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Explain how asteroids have moons and how they can be detected.
Moons are not objects exclusive to planets in the Solar System. Asteroids may have their own natural satellites (ie. moons) and some of them have more than Earth.
Moons orbiting asteroids are not uncommon in the Solar System. By the end of last year, more than 200 asteroids with moons had been detected only in the Main Belt. Also known as “satellites”, the total number of asteroids with moons exceeds 400 if we also consider trans-Neptunian objects!
Asteroids with moons are typically formed when one asteroid collides with another. If the impact is at the specific speed and angle, it can rip off a chunk of rock and send it into orbit. If the impact is too strong, however, the debris goes off into space, getting rid of the main asteroid.
In some cases, a collision can split an asteroid into two similarly sized parts, orbiting the Sun together. Other pairs can form when a small asteroid is caught by the gravity of a larger one.
The first mentions of asteroidal satellites occurred about half a century ago. In the 1970s, asteroids 6 Hebe and 532 Herculina were the first objects that astronomers speculated could have companions after observing them occulting stars. In these occultations, the asteroid temporarily blocks the light from a star when seen by an observer on Earth. This block, which lasts a few seconds, is very useful for determining the physical parameters of asteroids.
This method of asteroid observation, long used before the era of space probes and the launch of the Hubble Space Telescope, had some inaccuracies. In the case of these two asteroids, other observations have not confirmed the existence of moons. The irregular and sometimes elongated shape of these objects can generate false positives.
The first confirmation of a moon orbiting an asteroid occurred during the Galileo mission in 1993. On its way to Jupiter, the probe passed just over 2,000 km from asteroid 243 Ida, sending images back to Earth. By analyzing these images, the mission team discovered an even smaller asteroid, approximately one-twentieth the size of Ida, gravitationally trapped. This little celestial body was named Dactyl.
A few years later, in 1998, a moon was discovered orbiting the asteroid 45 Eugenia. No spacecraft had ever passed close to this asteroid. The feat was done by the team of astronomers at the Canada-France-Hawaii Telescope, located in Mauna Kea, Hawaii. It was the first asteroidal satellite discovered through a telescope.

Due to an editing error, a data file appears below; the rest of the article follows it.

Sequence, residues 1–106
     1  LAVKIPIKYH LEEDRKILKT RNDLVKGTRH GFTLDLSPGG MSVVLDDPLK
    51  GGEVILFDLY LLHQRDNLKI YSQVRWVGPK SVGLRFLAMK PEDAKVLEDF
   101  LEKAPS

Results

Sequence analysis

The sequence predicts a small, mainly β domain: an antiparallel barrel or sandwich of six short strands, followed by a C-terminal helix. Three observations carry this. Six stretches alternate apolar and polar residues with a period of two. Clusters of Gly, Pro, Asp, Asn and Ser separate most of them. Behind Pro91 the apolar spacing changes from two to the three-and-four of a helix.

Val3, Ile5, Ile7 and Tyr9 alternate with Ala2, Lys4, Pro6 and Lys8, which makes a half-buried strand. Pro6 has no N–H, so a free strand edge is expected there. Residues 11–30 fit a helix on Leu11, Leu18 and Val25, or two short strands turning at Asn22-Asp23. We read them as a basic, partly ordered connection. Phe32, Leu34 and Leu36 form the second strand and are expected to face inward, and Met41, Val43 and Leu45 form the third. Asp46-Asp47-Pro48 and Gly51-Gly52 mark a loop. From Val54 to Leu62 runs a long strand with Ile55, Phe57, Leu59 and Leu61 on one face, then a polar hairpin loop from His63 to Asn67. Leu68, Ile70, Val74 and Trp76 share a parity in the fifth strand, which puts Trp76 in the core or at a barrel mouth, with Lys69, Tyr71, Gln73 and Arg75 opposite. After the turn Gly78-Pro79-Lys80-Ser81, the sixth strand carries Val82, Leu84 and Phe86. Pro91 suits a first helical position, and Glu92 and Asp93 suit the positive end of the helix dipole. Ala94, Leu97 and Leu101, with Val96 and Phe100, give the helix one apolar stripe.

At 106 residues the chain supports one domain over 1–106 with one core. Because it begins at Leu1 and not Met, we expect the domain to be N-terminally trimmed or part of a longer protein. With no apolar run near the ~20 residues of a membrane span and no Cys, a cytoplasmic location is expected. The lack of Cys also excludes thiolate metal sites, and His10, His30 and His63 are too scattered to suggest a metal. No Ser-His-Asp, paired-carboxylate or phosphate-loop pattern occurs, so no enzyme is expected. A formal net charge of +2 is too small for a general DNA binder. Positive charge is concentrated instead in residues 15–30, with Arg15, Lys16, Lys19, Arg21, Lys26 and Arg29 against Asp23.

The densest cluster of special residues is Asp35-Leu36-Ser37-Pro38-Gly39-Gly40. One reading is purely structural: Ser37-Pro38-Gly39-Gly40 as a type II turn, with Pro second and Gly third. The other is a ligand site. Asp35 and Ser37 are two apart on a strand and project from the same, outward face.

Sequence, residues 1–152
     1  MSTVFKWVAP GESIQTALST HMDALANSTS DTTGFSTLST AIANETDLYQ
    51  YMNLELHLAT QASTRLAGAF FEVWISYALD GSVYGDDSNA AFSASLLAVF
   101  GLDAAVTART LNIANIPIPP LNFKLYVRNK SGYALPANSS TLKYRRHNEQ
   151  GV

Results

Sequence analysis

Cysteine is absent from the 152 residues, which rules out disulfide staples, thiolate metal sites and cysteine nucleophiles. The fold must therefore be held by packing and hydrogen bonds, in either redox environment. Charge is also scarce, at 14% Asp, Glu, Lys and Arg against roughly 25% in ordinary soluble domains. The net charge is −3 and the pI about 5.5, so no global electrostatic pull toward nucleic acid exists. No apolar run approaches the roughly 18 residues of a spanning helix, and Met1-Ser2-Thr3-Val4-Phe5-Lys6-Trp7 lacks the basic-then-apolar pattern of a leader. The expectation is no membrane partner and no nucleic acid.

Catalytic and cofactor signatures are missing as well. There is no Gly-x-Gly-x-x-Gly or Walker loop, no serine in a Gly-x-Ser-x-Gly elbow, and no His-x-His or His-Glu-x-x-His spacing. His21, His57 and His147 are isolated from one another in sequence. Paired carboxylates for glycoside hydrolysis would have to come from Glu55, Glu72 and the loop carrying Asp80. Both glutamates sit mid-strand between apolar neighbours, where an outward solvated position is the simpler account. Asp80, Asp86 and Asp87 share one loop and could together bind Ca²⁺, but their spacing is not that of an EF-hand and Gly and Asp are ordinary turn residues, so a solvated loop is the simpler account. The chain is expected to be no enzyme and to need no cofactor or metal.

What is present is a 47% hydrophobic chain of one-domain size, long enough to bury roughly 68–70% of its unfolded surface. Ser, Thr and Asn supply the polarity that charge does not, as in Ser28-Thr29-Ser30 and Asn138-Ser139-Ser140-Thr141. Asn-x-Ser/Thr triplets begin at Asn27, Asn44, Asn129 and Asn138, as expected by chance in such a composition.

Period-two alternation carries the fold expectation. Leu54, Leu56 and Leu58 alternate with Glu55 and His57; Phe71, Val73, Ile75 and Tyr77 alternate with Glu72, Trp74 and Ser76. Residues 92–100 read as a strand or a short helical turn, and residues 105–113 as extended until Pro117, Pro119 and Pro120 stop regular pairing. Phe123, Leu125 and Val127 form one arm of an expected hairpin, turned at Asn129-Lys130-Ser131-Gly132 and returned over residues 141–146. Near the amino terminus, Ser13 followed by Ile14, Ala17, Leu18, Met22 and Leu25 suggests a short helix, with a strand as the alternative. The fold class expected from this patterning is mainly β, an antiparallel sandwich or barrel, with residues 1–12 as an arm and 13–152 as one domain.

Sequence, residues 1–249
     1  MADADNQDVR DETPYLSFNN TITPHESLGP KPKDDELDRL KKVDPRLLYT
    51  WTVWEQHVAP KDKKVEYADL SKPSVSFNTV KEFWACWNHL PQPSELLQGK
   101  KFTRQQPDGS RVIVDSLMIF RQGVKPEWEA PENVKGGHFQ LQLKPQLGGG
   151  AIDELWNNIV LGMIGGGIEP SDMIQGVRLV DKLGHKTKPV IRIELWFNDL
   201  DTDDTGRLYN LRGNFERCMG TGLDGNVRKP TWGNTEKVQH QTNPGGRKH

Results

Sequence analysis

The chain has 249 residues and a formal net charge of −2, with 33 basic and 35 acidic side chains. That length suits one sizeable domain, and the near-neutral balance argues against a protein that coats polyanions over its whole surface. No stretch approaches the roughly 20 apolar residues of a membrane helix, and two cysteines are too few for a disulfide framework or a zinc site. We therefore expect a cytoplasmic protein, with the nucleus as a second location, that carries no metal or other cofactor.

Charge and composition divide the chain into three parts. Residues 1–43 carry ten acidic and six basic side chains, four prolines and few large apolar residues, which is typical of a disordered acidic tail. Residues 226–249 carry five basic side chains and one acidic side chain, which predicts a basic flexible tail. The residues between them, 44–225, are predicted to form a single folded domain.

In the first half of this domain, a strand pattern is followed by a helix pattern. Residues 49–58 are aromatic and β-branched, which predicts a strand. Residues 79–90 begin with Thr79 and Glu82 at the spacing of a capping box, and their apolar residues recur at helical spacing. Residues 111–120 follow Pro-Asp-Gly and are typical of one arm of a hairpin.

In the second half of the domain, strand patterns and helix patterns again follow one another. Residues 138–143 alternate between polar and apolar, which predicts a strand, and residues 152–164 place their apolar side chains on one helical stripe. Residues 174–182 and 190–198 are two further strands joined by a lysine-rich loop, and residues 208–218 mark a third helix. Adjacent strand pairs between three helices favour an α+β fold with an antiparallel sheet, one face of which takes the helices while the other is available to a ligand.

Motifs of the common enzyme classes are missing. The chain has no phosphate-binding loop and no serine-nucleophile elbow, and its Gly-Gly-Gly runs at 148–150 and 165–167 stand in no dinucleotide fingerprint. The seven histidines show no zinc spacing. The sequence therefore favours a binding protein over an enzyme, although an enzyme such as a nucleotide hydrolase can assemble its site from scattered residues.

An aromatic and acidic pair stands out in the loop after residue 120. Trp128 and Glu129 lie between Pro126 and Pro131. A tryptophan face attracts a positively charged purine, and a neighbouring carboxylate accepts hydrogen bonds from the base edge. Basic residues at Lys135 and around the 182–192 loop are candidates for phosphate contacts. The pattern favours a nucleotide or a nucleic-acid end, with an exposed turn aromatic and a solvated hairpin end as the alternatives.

The same asteroid would reveal a big surprise in the next decade: a second moon was discovered in 2004 using the Very Large Telescope in Chile. Eugenia would be the first known asteroid to have two satellites, but this second moon was only announced in 2007. The historical record then went to the asteroid 87 Sylvia, which had its first satellite discovered about 20 years ago through the Keck Observatory’s telescope, also in Hawaii, and the second discovery in 2004, also by the Very Large Telescope, being announced shortly thereafter.
Observations made with the VLT-SPHERE in 2014 revealed a third body orbiting the asteroid 130 Elektra. This new moon was announced in November 2021 by French astronomers Anthony Berdeu, Maud Langlois and Frédéric Vachier. This discovery made Elektra the first quadruple system identified in the Main Belt!
The technology has greatly helped astronomers to increase the detection of these small moons, using other methods depending on the available equipment. For example, the discovery of moons on the asteroid 87 Sylvia was made using adaptive optics, a method in which equipment located on the Earth’s surface is able to produce images with a sharpness similar to that of space telescopes, correcting distortions caused by atmospheric turbulence.
Another method used is the radar image obtained by means of radio telescopes. This technique has focused on detecting NEAs (Near Earth Asteroids) and some satellites have been discovered in these objects. Recently, users of this method have suffered a great loss with the Arecibo Observatory collapse, responsible for the discovery of several NEAs, including small moons.
Finally, a technique used and accessible also for astronomers with more modest equipment is photometry, the analysis of light curves. These curves are obtained by observing small eclipses and occultations involving the asteroids. Recording these phenomena may indicate that a nearby component may be affecting the asteroid’s observed brightness on Earth or contributing to the brightness of a background star decreasing more than expected.
In the case of occultations, the inconclusive results presented in the past are being overcome thanks to the creation of more sophisticated equipment, even discovering other structures orbiting the asteroids, such as rings.
Learn more about this subject by visiting these websites:
Asteroid Moons – California Academy of Sciences
Asteroids/TNOs satellites updated discovery report – Johnston’s Archive
NASA’s Double Asteroid Redirection Test (DART) mission page
Eyes on asteroids – Didymos and its moon Dimorphos interactive orbit